Global wine consumption for 2021 is estimated at 236mhl, marking an increase of 0.7% on 2020 volumes, according to figures released by international wine organisation OIV.
This represents a slight uptick on a downward trend that has marked the industry since 2018, although volumes remain down on pre-pandemic 2019’s figure of 260mhl.
The latest global wine production figures from the OIV can also be found here.
EU consumers cut back on wine
The EU, with a wine consumption estimate of 114 mhl, accounts for 48% of the world consumption. This figure is 3% higher than the level estimated in the pandemic-stricken year of 2020 - where the industry recorded consumption of 110.5 mhl, one of the lowest volumes recorded ever - and brings the EU wine consumption back to its last ten-year average.
But the EU’s share of global wine consumption has significantly decreased since 2000, when it was estimated at 59%.
“This is the combined effect of the rise of new markets in the world and an overall reduction of wine consumption in traditional producing countries within the EU, which today in total consume about 20 mhl less than in 2000 (-15%),” notes the OIV.
Within the EU, France is the largest consumer (and the second largest in the world behind the US) with around 25.2mhl consumed in 2021. As a market that relies heavily on the HoReCa channel, 2021 saw volumes grow 8.6% on 2020. However, volumes were also up 2% on pre-pandemic levels in 2019.
Italy, the second largest market in the EU and third at world level, had an estimated wine consumption of 24.2 mhl in 2021, a level in line with 2020. This is the highest wine consumption level recorded in Italy since the aftermath of the global financial crisis of 2008.
Maintaining its position of 3rd largest consumer within the EU (and 4th at world level), Germany recorded a level of 19.8 mhl in 2021 (down 0.2% on 2020).
Spain also increased its wine consumption volume in 2021, reaching 10.5 mhl (up 9.9% on 2020), a figure in line with its pre-pandemic average levels.
Similarly, countries like Romania (4.0 mhl, +4.6%), Netherlands (3.8 mhl, +3.4%), Austria (2.4 mhl, +2.3%), and Czech Republic (2.3 mhl, +11.9%), all showed an increase in their wine consumption levels in 2021.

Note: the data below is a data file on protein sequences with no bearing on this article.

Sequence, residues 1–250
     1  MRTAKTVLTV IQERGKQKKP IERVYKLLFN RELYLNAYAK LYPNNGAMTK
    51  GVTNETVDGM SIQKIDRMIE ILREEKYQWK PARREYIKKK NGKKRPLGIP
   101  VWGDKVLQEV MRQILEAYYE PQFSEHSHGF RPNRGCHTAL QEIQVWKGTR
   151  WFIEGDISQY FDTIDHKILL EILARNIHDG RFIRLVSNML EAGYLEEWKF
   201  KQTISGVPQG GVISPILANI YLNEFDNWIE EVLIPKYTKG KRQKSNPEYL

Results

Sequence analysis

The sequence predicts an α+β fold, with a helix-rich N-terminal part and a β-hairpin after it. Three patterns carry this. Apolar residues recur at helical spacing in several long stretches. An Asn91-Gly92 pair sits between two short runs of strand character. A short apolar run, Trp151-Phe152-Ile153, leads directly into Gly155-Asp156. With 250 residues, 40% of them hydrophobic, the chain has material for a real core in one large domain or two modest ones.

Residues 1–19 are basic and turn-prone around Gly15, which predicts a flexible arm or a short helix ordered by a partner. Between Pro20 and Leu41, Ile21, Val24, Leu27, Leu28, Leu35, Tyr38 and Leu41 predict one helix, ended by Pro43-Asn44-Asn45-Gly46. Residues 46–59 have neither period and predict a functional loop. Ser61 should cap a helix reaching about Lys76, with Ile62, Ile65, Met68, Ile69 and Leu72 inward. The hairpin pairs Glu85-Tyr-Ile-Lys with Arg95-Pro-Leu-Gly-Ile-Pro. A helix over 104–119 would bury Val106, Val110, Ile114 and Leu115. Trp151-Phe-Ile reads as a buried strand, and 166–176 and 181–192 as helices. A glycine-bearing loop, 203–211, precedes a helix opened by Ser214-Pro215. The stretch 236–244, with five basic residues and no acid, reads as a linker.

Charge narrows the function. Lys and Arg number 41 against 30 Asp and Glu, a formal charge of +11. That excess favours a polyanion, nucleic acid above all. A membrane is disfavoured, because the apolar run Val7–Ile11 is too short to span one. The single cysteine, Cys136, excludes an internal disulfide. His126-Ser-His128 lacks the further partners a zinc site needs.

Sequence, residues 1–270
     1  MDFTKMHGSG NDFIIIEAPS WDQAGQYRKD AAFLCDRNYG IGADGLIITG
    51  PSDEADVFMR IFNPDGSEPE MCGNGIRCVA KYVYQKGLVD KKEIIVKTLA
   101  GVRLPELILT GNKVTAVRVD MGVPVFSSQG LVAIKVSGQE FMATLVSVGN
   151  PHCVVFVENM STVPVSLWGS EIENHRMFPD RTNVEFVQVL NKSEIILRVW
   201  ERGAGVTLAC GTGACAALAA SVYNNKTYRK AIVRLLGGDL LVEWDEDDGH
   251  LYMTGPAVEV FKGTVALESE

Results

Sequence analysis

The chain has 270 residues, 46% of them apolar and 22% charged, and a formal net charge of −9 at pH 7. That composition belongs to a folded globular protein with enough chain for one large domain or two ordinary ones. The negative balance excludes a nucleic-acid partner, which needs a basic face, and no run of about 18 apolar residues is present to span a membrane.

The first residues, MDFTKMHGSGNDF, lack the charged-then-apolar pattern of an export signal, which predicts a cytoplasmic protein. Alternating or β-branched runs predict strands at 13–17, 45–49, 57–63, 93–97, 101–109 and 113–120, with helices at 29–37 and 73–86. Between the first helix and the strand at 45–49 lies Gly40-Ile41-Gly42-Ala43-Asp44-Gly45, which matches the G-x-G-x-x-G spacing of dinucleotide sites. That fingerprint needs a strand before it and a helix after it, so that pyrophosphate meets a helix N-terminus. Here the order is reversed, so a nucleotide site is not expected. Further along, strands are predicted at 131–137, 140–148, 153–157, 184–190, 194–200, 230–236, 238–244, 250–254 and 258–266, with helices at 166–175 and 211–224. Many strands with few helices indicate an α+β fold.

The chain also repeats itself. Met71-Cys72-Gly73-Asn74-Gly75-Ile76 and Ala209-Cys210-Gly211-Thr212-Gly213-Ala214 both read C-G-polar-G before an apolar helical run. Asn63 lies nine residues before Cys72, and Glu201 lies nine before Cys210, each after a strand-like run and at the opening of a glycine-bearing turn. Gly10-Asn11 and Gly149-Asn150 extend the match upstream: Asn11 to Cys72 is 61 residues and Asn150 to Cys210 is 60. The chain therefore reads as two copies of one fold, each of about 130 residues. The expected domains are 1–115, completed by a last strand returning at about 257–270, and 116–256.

However, declines against 2020 and against five year averages were seen in Portugal (4.6 mhl, -0.6% on 2020), Belgium (2.5 mhl, -4.1%), Greece (2.2 mhl, -0.4%), and Sweden (2.1 mhl, -0.3%) were also seen.
In contrast to many other countries, the UK proved to be a resilient wine market in 2020 and shows a similar volume of wine consumption in 2021, estimated at 13.4 mhl (3.4% higher than its last five-year average).
Russia’s wine consumption is estimated at 10.5 mhl, with a rise of 2% compared to 2020. This is the fourth consecutive year of growth recorded in Russia.
The US remains the largest wine consuming country in the world according to the 2021 figures: making up 14% of the world’s wine market. 2021 consumption of 33mhl was in line with 2020.
“Over the last three years, the US has proven to be a resilient market, notwithstanding trade-related tensions with some EU countries and the restrictions imposed by the Covid-19 pandemic,” notes OIV.
Chinese wine consumption declines continue
In Asia, China’s 2021 wine consumption is expected to have come in at around 10.5 mhl, accounting for a 15% drop with respect to 2020. Although this is an early estimate, it follows the expected downward trend observed in the industry since 2018, which has had a knock-on effect on global consumption figures.
“This steep decline reflects the rapidly declining demand after a boom in wine consumption that saw its peak in 2017, with a decline of more than 9 mhl,” notes the OIV.
“The downfall in Chinese consumption since then is causing a significant impact in driving down world consumption.”
The second highest consuming country in Asia is Japan, which is estimated to have a wine consumption level in 2021 of 3.3 mhl (down 5.4% on 2020).
Southern hemisphere markets
In South America, the wine industry’s fortunes vary dramatically between neighbours Argentina and Brazil.
In Argentina, with 8.4 mhl in 2021, wine consumption has decreased by 11.1% with respect to 2020, a year that saw an increase in consumption even amidst the Covid-19 pandemic.
“Argentina’s wine consumption shows a clear downward trend since the beginning of this century, a decline accentuated by the reduced purchasing power of consumers because of the economic turmoil and currency devaluation facing the country.
“On the contrary, Brazil, second largest market in South America, with a level of 4.1 mhl in 2021, has increased its consumption by 1.2% with respect to 2020, reaching a record-high since 2000. This boom in wine consumption in the last two years could be due to a change in wine consumption patterns during the pandemic, shifting Brazil’s demand for wine to a higher level.”
In South Africa, reconciling from the restriction of the lockdown in 2020, where local sales of alcohol were banned for 14 weeks, estimated consumption in 2021 is 4.0 mhl, an increase of 27.5% compared to 2020. However, this level is still 5.3% lower than its last five-years average.
In Australia, tenth market in the world by volume, 2021 wine consumption is estimated at 5.9 mhl, only slightly higher than its 2020 level (+0.3%), but 7.9% higher than its last five-year average. This level is the highest consumption ever recorded in Australia.